MEMPHIS, Tenn. (WMC) - Early voting in the city’s municipal election ends this weekend, and Election Day is Thursday, Oct. 3. Voters will make choices for mayor, city council and other municipal offices.
Making your selections for Memphis City Council races can be confusing if you don’t understand how the districts work.
That’s why voters should make sure they understand the races they can vote in before they get to the ballot box, political analysts said.
Each Memphian will make four choices for city council -- one choice from their district and three choices from their super district. The city is divided into seven districts and two super districts. The two super districts essentially divide the city in half.
“We have created a system here that is wildly complicated far beyond what I think most voters can reasonably expect to understand,” said WMC Action News 5 Political Analyst Michael Nelson.
There are a number of interesting story lines forming ahead of next week’s election.
Memphis attorney J.B. Smiley Jr. is on the ballot for one of the council positions in super district 8. He told WMC Action News 5 Thursday voters have not asked him about his encounter with Memphis police two years ago when he claimed he was racially profiled on a traffic stop.
MPD Director Mike Rallings produced body camera video and said his officers did nothing wrong.
“I have not heard it one time,” Smiley said. “We are not talking about the profiling. We are talking about the race. And the fact that our city needs new leadership, a new energy and a new vision.”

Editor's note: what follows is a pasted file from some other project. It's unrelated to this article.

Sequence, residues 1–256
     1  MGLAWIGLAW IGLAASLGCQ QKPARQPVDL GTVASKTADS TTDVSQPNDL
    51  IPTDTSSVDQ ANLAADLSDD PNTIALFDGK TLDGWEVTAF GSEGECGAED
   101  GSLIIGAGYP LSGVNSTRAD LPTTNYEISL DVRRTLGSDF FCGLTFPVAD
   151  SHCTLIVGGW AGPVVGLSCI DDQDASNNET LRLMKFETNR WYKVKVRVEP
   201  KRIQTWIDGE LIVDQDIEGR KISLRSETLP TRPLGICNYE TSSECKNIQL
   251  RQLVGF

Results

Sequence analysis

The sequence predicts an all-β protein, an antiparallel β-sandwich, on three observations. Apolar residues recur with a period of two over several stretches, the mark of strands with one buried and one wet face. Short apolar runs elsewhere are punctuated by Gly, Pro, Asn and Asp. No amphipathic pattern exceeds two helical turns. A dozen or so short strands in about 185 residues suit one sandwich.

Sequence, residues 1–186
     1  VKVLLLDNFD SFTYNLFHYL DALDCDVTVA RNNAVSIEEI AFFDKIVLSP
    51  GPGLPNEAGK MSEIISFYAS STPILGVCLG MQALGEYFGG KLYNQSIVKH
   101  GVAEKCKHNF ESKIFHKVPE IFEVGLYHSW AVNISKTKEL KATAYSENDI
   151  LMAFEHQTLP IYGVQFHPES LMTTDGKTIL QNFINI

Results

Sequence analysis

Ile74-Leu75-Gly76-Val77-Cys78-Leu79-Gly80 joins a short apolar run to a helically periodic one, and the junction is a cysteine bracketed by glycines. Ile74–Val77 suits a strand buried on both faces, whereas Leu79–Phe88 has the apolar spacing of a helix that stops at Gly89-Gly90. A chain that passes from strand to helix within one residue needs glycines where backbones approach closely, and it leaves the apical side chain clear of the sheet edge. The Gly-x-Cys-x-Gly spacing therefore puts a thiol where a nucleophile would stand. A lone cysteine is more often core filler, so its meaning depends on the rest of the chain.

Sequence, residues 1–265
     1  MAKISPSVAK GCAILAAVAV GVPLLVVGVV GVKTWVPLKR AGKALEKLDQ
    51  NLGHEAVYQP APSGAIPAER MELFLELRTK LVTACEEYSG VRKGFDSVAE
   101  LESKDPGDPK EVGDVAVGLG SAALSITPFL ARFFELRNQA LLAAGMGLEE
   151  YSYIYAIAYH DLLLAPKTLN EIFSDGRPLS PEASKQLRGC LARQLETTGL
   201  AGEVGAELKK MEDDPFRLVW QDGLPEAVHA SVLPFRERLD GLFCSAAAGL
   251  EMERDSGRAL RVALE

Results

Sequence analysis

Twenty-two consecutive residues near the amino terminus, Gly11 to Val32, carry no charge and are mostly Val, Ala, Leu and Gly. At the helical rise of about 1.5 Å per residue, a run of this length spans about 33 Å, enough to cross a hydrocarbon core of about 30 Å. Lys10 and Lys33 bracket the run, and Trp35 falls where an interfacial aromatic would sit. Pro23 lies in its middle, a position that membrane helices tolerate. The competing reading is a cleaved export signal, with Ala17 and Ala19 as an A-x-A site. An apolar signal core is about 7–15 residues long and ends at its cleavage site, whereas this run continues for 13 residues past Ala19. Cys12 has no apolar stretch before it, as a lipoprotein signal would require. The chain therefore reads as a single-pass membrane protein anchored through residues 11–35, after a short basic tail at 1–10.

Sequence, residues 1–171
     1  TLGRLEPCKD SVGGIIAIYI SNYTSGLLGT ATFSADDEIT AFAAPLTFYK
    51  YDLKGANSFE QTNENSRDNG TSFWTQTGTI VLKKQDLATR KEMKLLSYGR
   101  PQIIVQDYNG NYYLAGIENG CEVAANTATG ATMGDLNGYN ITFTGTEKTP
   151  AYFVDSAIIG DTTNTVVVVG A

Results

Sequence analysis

But a month-long council stalemate over that vote ground business to a halt and left Logan on the sidelines.
Berlin Boyd was council chair at the time and is one of nine candidates running in district 7, which covers Mud Island and North Memphis.
“Everyone has a right to run. It’s the voter’s seat. I’m just ecstatic – I think my work will speak for itself,” Boyd said.
The district 7 races features the most contenders and would go to a runoff if no candidate gets a majority of the votes. The seven regular districts are subject to runoff races. The six seats in super districts are not.
Two other names in Memphis political circles are reappearing in this council election cycle.
Edmund Ford Sr. is seeking his old seat back in district 6. The former council member was acquitted of federal bribery and extortion charges in 2008.
Two-time Memphis City School board member Dr. Jeff Warren is also seeking public office again, asking voters to elect him in the super district 9 position 3 contest.
You can find a list of certified candidates in all municipal races here.